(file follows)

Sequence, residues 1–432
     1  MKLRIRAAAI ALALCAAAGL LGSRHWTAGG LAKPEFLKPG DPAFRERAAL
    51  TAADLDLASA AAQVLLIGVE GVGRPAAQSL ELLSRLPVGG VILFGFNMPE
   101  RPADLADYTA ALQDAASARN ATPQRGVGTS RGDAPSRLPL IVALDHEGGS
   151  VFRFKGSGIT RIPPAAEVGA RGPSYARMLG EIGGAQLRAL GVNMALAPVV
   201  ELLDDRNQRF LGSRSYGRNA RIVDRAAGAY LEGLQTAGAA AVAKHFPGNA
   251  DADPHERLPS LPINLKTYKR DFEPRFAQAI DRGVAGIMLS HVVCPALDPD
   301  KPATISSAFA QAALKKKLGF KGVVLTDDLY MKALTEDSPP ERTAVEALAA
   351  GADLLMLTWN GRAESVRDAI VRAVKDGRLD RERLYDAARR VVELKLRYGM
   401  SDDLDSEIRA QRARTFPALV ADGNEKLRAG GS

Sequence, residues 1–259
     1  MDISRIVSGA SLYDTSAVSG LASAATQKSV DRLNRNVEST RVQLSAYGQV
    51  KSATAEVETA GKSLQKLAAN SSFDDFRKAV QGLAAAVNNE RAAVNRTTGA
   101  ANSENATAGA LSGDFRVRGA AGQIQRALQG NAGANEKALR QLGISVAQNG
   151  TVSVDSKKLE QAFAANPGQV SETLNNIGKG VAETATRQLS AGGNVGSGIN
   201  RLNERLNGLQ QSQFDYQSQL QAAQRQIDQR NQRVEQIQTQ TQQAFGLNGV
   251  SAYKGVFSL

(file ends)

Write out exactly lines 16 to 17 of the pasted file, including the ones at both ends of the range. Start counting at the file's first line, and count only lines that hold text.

   201  RLNERLNGLQ QSQFDYQSQL QAAQRQIDQR NQRVEQIQTQ TQQAFGLNGV
   251  SAYKGVFSL